Ericsson and Maersk create floating network
An essential task
Dozens of companies from around the world navigate our oceans to deliver more than 90% of the world’s cargo, according to Ericsson. And Maersk Line, a shipping company based in Denmark, claims to have the biggest fleet of them all.
With more than 550 ships that have a combined 2.6 million 20-foot equivalent units, Maersk deemed it essential to look at an industrial “internet of things” solution to connect its vessels and maximize efficiency.
“Talking about network society and machine-to-machine, I believe shipping is pretty much in the stone ages – it is right now,” said Niels Bruus, head of fleet management at Maersk Line, at the time of the deployment. “The connected vessel is just the start, I am sure. There is no doubt this will be the cornerstone in our future approach in how efficient we can operate our fleet and our network.”
Industrial IoT on the sea: a groundbreaking solution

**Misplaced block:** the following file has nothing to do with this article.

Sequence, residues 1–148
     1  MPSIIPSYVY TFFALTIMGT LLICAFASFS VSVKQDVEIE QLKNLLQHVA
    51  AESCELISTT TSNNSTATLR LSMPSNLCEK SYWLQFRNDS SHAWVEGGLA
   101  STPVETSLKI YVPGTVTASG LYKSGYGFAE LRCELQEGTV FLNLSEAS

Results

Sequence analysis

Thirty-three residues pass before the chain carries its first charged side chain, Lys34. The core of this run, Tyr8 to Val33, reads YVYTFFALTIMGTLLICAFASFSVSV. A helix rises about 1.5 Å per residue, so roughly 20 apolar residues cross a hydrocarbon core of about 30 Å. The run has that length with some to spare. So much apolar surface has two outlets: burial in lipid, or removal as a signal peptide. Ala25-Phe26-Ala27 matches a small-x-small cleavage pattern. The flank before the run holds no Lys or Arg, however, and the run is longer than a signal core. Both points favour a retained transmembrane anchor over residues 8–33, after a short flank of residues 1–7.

Maersk Line began working with Ericsson in 2011, first on the Remote Container Management Project, an initiative designed to monitor the more than 17 million containers the company transports. The project is said to have helped create the world’s largest floating mobile network across the 125 countries Maersk said its containers travel through. The Remote Container Management Project connected 350 vessels to give Maersk the ability to more closely monitor each of its containers and give the company a higher degree of control over the entire shipping process.
“Ericsson has, for our project, managed to transform the capabilities from a shore-based DSM network provider into what we needed – and that was the world’s largest floating DSM network,” Bruus said. “The partnership with Ericsson was about bringing all of our vessels online.”
The future of floating networks
The wireless network is designed to collect data to allow the company to continue to innovate in areas including maximizing efficiency when delivering cargo, environmentally friendly processes and adaptability to unpredictable sea conditions.
“One of the things the solution has enabled for Maersk Line is for us to monitor the fleet live as the vessels are conducting the voyage,” Bruus said. “So that means every time there is an incident that is less than optimal for the most optimal production of the voyage, we can interfere immediately and be proactive and change the behavior as it happens.”
Ericsson said the project shows there is no place on Earth that cannot be connected, and that industries can optimize their processes no matter what they are or where they operate from.